Some have accused director Cecil B. DeMille of using the trappings of a Biblical epic to insert racy material into the picture --  of portraying much more sin by following up with some redemption. Throughout the film scantily clad men and women are onscreen, but there are two scenes that would never have been made under Hays. In one scene the Empress takes a milk bath. It is evident that Colbert is indeed naked and audiences watched the screen carefully looking for naughty bits. (Colbert does share the milk with a couple of friendly felines who drink from the side of the tub.) She also invites another woman to join her in the giant pool of milk, and we see the other woman's clothes drop to the side of the tub.

The other notorious scene takes place at a party at Marcus’ home. (The party isn’t called an orgy, but that is the implication). Marcus is frustrated that Mercia doesn’t join in the merriment, so he instructs one of his guests, Ancaria -- evidently a former lover -- to do the Dance of the Naked Moon. (The actress who plays Ancaria is played by an actress with the intriguing name of “Joyzelle.”) The dance has a clearly lesbian focus, with Ancaria caressing the clearly horrified Mercia. This scene was cut when the film was re-released in 1938, along with some of the gladiatorial fighting and scenes of naked women being attacked by crocodiles and gorillas. (These scenes wouldn’t be restored until the film’s DVD release over a half-century later.)

Really, though, our concern here is how is the church presented?

The church is enduring persecution. They meet secretly, signaling to each other by making the sign of the cross in the sand (this is not exactly James Bond-level spycraft) whispering that the meeting will be “at the grove, the Cresian Bridge.”

They try to sing quietly so as not to draw attention (which puzzles a child at the service who wants to sing loudly). Titus brings words of comfort from Paul, but he claims not to be a teacher himself.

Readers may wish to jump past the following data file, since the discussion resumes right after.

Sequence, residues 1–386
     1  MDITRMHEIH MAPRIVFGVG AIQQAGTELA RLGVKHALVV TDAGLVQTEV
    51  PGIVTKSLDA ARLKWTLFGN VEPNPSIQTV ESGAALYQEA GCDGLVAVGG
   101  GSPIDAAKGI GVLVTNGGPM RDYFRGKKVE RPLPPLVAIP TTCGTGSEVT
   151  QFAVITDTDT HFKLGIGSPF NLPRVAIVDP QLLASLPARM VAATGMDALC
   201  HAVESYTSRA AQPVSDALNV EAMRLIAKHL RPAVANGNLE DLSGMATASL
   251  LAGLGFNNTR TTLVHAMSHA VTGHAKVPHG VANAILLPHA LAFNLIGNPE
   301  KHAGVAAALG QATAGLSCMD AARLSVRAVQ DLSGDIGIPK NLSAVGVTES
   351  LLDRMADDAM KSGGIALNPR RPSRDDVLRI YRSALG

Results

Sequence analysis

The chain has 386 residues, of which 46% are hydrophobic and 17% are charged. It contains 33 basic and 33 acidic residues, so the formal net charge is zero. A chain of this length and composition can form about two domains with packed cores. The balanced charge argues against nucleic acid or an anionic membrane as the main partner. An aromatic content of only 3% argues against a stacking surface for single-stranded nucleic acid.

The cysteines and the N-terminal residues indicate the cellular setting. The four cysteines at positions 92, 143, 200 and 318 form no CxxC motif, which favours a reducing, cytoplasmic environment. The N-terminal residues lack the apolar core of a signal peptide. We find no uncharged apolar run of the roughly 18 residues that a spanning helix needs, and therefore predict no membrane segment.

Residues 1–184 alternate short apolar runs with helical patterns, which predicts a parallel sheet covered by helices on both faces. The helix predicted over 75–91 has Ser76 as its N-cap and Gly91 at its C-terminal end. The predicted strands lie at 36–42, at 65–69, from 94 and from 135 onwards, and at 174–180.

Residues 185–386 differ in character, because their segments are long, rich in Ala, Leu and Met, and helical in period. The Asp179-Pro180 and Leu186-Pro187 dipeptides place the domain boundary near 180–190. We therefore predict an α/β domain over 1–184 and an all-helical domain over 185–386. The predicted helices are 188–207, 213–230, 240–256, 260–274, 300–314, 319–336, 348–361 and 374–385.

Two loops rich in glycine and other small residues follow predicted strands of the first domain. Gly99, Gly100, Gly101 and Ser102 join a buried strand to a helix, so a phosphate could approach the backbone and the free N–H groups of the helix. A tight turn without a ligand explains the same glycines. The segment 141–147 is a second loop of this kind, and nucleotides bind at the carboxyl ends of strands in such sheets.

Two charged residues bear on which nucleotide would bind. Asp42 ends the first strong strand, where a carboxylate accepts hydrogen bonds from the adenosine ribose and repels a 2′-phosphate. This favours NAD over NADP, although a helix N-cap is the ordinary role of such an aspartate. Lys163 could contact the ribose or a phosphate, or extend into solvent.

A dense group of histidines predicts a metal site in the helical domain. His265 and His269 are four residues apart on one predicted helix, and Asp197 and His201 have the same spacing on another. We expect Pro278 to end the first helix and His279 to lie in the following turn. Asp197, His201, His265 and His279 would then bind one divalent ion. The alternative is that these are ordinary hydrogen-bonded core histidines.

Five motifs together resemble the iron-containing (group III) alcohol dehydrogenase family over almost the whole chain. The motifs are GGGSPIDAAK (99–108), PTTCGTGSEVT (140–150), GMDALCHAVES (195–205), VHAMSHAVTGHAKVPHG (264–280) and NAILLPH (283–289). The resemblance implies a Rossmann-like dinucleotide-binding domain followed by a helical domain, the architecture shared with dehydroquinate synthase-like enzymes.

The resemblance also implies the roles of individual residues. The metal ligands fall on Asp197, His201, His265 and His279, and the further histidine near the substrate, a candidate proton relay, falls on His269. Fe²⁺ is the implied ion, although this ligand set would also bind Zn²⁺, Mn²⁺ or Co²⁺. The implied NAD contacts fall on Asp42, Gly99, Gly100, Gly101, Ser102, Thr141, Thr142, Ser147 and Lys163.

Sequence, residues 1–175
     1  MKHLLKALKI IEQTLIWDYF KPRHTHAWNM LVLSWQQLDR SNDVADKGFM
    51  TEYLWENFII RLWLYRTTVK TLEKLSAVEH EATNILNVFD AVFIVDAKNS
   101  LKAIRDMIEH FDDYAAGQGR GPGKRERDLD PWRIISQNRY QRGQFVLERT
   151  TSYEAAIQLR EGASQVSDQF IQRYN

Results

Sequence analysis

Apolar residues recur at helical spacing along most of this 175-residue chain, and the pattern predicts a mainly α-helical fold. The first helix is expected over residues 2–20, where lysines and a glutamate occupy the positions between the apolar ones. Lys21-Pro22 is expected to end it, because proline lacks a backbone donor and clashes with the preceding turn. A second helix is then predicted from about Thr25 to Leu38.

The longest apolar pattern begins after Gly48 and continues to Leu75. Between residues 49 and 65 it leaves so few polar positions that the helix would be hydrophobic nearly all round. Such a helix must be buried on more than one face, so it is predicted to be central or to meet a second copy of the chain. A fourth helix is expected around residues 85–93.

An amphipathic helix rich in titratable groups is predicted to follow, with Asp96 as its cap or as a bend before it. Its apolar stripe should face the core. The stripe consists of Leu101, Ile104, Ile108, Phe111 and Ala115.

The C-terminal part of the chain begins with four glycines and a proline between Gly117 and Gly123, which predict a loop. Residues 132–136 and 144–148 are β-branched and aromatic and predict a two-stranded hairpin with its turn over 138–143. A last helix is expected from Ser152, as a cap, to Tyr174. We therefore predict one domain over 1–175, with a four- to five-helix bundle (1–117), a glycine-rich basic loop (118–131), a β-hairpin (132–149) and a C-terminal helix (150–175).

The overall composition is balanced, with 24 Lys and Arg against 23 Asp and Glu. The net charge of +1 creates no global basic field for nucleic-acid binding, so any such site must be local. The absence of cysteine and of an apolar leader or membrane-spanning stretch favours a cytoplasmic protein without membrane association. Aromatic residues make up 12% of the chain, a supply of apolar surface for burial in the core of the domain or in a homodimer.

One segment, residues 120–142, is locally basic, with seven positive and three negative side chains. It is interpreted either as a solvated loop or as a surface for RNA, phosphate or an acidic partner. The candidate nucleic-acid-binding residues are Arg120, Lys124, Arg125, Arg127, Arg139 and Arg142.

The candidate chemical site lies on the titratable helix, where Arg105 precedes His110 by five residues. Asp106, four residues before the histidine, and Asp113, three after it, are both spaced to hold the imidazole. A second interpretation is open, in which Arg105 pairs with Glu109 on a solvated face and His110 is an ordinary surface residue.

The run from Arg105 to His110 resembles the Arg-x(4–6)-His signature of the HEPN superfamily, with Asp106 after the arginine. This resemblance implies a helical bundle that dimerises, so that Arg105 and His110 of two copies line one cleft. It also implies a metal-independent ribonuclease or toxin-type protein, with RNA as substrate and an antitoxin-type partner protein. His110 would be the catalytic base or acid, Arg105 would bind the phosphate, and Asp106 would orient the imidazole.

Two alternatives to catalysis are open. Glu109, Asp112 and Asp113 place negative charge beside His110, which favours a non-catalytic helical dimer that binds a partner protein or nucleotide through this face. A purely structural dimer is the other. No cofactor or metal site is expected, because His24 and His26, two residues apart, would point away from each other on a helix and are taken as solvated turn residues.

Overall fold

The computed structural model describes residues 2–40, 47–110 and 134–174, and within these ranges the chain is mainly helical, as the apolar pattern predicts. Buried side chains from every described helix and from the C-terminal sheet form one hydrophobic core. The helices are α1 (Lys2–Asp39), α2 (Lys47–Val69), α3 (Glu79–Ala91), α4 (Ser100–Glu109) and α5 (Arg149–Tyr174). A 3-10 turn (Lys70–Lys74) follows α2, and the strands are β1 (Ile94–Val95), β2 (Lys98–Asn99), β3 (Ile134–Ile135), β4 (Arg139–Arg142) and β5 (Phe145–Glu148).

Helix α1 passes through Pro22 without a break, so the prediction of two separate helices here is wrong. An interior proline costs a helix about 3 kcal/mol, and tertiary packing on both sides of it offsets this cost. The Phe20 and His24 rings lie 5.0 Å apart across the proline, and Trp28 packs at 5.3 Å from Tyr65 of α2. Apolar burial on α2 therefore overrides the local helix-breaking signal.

Unbeknownst to the worshipers, the Romans have learned where they are meeting and prepare an attack as the service goes on. (They learned the location by torturing Mercia’s foster brother, Stephan.)

The Romans attack the worshiping Christians with bows and arrows in a rather spectacular scene. Later,  DeMille presents the slaughter of the Christians in the Coliseum as a sporting event, with spectators complaining about their seats.* 

Though many of them seem reluctant or afraid, the Christians all choose to be obedient to Christ and follow Him, even though this leads to their deaths. Mercia is even given a chance to have her life spared if she will deny Christ, and she refuses. So though the Christians are a rather dull bunch, their faithfulness means they earn our highest rating of four steeples.

*A man and woman making their way to their seats have this interchange:
    Wife: “We can’t see anything from this high.” 
    Husband: “Well, the gallery seats were good enough before we were married.” 
    Wife: “We were interested in each other then.”

No comments:

Post a Comment